Allen Thompson | Salvation in the Ground | New Music Review
Allen Thompson is on a new departure with his upcoming album Salvation in the Ground, due to be released on September 4, 2012. In this new project, Allen made a conscious decision to use the powerful energy of increased collaborative effort, resulting in a cohesive album with a well-rounded sound, and most importantly, it is fun to listen to. Thompson seems to have hit a sweet spot with a new philosophy: more is more. Starting with a three-piece string band, Allen added a rhythm section and a fourth harmony vocalist, and he is now working with an electric 6-piece band. The album boasts multiple guitars, mandolin, fiddle, banjo, keyboard, piano, organ, accordion, and a variety of percussion/drums. Thompson leads with his vocals, but he is also working with up to four vocal harmonies in any given song. The result is a decidedly 1970’s California feel. The Allen Thompson Band* has the communal, folk-rock sense of artists such as Crosby, Stills, Nash, and Young, The Byrds, and The Band.
Salvation in the Ground is the kind of album that grows on you. At first, it is palatable and catchy, with its easy country-rock feel and just a hint of pop, making it very accessible. Then after listening a few more times, I found myself humming tracks, certain favorites looping through my head. With repeated presentation, it seems to have burrowed its way under my skin and into my heart. The album tackles the everyday trials and tribulation our hearts drag us through, along with everyone else, yet they somehow seem so singular to us. It strikes a winning balance with emotional, personal lyrics and rich layers of instrumentation. Thompson’s soulful vocals are a perfect compliment; they are emotional and honest, but with an element of restraint. The vocal harmonies are sneaky, with a subtly increasing energy that suddenly grabs your attention, but then you realize they’ve been building up to that point purposefully since the song started.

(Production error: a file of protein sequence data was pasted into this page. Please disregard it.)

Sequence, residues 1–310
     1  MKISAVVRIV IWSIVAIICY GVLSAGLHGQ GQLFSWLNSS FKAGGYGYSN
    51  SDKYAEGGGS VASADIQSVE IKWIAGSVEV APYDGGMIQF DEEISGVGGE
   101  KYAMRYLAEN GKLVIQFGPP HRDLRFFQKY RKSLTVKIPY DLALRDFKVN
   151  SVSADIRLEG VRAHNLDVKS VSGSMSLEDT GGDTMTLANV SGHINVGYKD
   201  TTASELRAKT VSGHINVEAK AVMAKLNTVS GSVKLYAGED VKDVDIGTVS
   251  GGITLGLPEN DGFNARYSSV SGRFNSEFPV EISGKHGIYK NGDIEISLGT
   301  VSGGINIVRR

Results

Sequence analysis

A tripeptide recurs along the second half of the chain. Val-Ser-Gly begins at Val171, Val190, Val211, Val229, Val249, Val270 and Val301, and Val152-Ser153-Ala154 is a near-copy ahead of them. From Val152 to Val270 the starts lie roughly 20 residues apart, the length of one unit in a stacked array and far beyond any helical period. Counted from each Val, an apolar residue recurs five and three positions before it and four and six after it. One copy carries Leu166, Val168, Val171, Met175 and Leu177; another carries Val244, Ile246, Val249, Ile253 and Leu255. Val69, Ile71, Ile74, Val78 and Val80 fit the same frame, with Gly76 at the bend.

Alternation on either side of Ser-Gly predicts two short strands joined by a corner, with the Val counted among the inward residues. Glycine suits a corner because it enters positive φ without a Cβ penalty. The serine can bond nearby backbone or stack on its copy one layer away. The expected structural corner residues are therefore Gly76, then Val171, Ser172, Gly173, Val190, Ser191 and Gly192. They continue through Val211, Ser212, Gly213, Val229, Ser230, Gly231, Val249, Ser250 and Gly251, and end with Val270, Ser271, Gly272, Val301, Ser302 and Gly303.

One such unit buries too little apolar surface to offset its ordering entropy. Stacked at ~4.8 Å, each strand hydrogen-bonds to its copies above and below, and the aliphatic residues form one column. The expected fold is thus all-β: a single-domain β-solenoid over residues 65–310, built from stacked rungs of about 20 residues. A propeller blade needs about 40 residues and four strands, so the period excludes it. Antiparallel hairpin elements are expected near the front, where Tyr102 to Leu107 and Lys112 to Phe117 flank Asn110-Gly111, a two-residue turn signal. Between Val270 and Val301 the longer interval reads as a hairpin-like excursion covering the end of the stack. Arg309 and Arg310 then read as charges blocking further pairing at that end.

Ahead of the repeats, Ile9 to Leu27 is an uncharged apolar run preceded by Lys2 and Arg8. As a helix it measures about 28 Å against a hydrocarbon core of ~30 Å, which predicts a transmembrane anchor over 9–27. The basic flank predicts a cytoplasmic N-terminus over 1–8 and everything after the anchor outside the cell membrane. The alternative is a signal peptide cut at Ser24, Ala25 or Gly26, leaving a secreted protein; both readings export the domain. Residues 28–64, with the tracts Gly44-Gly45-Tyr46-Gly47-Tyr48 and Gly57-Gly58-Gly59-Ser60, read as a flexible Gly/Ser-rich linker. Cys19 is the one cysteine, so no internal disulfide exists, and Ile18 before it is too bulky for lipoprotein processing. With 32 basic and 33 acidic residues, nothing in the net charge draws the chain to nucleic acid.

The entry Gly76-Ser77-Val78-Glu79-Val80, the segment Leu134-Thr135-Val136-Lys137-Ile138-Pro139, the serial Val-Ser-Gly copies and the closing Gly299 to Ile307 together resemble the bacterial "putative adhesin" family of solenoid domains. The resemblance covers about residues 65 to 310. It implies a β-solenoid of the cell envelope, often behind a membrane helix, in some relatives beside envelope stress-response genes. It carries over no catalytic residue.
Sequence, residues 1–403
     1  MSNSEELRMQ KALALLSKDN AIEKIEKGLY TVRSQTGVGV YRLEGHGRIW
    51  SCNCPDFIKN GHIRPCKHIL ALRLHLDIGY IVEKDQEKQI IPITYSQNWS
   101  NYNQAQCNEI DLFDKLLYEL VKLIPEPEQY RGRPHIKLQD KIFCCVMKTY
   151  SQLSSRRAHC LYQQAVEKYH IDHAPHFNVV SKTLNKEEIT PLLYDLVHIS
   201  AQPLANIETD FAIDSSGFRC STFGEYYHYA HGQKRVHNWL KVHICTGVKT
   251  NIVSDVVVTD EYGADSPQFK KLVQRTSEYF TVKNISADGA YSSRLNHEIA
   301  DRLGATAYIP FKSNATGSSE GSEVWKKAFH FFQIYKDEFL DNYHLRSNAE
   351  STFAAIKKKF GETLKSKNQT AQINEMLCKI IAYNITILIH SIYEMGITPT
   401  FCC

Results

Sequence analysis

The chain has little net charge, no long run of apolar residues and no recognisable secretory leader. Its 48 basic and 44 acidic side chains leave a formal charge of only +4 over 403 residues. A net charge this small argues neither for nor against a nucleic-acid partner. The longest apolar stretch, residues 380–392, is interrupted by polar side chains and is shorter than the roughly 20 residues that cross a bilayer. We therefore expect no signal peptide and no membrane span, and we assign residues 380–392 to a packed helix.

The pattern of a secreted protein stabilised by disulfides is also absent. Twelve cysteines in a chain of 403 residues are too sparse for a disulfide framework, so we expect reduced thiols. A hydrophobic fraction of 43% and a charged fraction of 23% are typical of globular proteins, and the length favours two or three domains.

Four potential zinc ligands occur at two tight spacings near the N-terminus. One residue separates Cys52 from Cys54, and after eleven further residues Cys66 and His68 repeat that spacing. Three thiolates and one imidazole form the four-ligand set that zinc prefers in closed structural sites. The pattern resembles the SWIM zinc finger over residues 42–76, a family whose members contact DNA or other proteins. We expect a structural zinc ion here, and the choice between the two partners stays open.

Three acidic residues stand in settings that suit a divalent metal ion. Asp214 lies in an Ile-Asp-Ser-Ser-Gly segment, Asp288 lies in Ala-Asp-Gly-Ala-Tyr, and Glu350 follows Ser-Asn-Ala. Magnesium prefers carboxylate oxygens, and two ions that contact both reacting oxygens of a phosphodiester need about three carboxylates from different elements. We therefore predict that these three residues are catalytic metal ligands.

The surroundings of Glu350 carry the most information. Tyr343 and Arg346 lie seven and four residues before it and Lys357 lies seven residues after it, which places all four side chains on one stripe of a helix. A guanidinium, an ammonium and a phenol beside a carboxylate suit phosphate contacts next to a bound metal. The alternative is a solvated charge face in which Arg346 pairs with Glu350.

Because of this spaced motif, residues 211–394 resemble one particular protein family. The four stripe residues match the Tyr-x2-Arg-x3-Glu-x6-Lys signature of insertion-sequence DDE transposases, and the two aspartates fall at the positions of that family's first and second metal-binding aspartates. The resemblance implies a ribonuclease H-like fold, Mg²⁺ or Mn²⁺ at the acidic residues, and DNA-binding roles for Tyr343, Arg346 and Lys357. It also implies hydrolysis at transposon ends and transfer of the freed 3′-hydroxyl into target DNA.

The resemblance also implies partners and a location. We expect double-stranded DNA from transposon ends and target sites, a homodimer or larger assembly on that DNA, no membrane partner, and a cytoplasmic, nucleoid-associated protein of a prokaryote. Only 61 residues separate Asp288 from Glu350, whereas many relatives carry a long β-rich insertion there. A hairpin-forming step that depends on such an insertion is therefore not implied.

The album consists of 9 thoughtful tracks that play adeptly together in their entirety. One of my favorites is “Dirt to Dust,” from which the album’s title was extracted. This song starts out with a comfortable folk feel, but skillfully builds to a more soulful crescendo. “Everyone Knows” is also lovely, and a great change of pace, featuring Allen’s vulnerable vocals and unadorned piano, a stark contrast from the group effort of the rest of the album. Touching lyrics (e.g. “I know everything changes, but sometimes it happens so slow”) bring the song together, and make it difficult to forget. “When I’m Young” is the perfect follow up with some upbeat guitar strumming, leading into a complex weave of other instrumentation, and punctuated by heart-felt vocal harmonies during the chorus. These specific songs spoke to me, but I could honestly write like this about the majority of the album. Salvation from the Ground is a gem, with music that becomes richer and more personal as you get to know it better.
*The Allen Thompson Band consists of: Allen Thompson (vocals, guitars), Clint Maine (guitars, banjo, percussion, vocals), Grayson Downs (bass, vocals), Joe Andrews (guitar, mandolin, keys, vocals), Laura Maine (vocals, percussion) and Ray Dunham plays drums live. Other contributes to Salvation in the Ground: Don Gallardo (lyrics, vocal), Fred Eltringham (drums on the record), Luisa Lopez (lyrics, vocal), Luke Bulla (fiddle), Marion Grace (vocals) and Micah Hulscher (piano, organ, accordion and electric piano).